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Colorado Looks to Logging Industry to Revive Forests

Wed December 30, 2020 - West Edition #1
Associated Press

GOULD, Colo. (AP) Stunned by unprecedented megafires, Colorado is embracing logging — mowing holes up to 140 acres in beetle-infested lodgepole pines — in an effort to revive out-of-balance forests.

This for-profit mechanized tree-cutting, concentrated between the blackened Cameron Peak and East Troublesome burn scars, has been clearing 3,000 acres a year.

State foresters propose to clear more. At two cutting sites west of Fort Collins recently, hulking red and yellow tractors equipped with whirling hot saws sliced through 12-inch trunks of the towering pines, then as they thumped to the ground raked them into bunches. De-limbers stripped off branches. Hooked pinchers hoisted the logs into bus-sized loads for diesel-belching trucks. Drivers hauled these along icy mountain roads to sawmills at Saratoga and Parshall, where workers convert logs to lumber as a surging national wood-products market pays record prices.

This large-scale cutting creates fire breaks "to give firefighters a place to make a stand" and "take out the energy" from inevitable future record wildfires, Colorado State Forest Service Director Mike Lester said.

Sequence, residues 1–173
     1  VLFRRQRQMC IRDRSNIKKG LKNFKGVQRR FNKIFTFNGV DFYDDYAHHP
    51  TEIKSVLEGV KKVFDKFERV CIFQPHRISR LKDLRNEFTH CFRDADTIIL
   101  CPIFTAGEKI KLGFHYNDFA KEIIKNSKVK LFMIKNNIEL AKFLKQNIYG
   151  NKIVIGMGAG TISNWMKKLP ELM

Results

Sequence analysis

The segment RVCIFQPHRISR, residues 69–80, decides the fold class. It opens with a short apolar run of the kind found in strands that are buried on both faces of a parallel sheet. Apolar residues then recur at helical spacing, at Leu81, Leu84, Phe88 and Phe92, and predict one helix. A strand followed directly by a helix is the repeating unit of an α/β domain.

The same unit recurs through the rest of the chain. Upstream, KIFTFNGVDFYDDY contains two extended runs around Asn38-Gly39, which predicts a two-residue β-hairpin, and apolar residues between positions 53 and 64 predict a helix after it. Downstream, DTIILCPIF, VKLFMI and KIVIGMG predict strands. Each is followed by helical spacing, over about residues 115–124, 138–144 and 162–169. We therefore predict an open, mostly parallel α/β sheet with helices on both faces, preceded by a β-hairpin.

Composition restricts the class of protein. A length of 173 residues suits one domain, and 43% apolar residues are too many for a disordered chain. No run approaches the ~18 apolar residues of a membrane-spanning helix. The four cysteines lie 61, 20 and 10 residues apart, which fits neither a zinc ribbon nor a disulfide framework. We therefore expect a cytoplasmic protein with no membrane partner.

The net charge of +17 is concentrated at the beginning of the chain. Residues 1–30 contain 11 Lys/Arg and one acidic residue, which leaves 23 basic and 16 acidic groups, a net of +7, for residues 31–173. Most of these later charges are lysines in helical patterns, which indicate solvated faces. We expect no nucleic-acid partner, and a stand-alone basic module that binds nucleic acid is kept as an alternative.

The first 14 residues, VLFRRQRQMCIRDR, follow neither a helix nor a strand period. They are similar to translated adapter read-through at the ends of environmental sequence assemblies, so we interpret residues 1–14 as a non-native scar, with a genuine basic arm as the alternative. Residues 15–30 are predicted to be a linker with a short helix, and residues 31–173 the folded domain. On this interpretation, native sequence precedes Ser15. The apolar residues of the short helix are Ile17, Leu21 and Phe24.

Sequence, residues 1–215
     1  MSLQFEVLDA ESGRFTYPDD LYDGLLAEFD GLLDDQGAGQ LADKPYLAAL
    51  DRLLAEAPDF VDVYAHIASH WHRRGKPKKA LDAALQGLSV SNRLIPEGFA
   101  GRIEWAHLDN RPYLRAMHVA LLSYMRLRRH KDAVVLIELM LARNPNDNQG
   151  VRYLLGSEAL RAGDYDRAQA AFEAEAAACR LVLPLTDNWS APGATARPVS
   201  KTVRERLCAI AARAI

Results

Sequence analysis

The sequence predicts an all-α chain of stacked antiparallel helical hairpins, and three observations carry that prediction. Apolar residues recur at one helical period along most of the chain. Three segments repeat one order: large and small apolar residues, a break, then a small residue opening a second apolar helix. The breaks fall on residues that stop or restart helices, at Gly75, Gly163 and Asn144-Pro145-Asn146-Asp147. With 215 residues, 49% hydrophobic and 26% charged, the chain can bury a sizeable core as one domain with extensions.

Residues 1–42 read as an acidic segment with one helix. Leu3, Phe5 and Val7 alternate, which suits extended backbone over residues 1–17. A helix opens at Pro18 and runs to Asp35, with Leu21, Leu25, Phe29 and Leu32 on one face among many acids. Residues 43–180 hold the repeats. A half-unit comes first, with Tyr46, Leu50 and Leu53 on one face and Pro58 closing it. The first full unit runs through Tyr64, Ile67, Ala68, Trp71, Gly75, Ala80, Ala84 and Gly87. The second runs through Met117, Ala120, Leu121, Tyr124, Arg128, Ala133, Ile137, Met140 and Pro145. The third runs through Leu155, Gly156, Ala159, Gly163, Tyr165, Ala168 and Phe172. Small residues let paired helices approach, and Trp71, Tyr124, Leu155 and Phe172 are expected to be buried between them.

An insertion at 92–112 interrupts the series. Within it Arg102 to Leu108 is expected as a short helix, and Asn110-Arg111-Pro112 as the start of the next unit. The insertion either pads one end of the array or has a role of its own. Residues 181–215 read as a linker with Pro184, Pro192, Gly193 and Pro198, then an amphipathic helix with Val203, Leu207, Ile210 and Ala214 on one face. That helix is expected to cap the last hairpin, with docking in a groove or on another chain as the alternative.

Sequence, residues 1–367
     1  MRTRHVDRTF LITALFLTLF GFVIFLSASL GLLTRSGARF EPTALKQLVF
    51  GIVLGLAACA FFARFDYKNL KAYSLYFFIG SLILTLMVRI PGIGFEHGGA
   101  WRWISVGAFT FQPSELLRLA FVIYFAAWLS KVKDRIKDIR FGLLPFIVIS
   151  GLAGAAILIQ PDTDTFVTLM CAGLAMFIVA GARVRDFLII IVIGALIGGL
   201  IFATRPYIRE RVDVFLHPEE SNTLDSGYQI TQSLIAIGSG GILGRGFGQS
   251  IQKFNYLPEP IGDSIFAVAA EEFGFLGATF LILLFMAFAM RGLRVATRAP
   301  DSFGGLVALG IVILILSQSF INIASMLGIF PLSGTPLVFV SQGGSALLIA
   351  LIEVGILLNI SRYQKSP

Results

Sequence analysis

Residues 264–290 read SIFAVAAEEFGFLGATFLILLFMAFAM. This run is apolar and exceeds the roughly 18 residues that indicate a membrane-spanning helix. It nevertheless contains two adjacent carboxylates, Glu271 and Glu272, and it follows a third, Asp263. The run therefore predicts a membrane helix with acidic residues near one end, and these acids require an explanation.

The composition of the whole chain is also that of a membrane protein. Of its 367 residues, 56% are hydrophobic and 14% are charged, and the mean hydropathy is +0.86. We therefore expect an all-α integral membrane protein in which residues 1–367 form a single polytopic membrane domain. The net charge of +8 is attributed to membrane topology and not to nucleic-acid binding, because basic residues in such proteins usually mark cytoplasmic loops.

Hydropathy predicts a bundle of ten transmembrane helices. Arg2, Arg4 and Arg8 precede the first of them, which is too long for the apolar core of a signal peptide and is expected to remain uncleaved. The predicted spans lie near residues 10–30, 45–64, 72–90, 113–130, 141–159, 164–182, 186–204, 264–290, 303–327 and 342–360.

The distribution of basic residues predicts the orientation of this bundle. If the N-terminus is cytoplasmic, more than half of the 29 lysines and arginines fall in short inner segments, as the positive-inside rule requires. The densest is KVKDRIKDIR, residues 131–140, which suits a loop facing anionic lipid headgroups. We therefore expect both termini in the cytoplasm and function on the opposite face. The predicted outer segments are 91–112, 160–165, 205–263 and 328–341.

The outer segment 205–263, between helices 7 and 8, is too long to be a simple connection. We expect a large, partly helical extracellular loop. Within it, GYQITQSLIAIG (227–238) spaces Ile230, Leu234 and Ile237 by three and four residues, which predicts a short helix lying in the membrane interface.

When lodgepoles grow back, the surrounding broader forests will gain age diversity, with different species such as aspens popping up amid pines on newly-sunlit slopes, Lester said.

"In lodgepole forests, if you want to mimic what happens to lodgepole naturally, you do clear-cuts," he said. "Lodgepole pines naturally regenerate with forest-clearing fires."

Colorado traditionally hasn't had logging on the industrial scale seen in Oregon and other northwestern states, and forest ecologists warn against clear-cuts that accelerate erosion, degrade wildlife habitat and enable increased human incursions.

But state officials now are turning to this large-scale cutting as an alternative to inaction at an especially difficult moment. Across western Colorado, insect attacks on old and drought-enfeebled trees over the past decade have ravaged 5 million acres.

For years, ecologists and emergency planners have warned that dying, dry and overly-dense forests would lead to massive, ruinous fires.

This story also appears on Forestry Equipment Guide.

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